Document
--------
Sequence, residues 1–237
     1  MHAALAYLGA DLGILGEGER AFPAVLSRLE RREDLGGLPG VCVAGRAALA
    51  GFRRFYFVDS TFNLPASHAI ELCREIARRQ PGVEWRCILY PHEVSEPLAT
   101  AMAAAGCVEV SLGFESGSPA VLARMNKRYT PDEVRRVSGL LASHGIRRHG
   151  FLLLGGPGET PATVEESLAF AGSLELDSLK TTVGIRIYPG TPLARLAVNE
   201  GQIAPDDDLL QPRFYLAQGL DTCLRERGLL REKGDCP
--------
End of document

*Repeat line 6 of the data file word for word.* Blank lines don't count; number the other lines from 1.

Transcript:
   201  GQIAPDDDLL QPRFYLAQGL DTCLRERGLL REKGDCP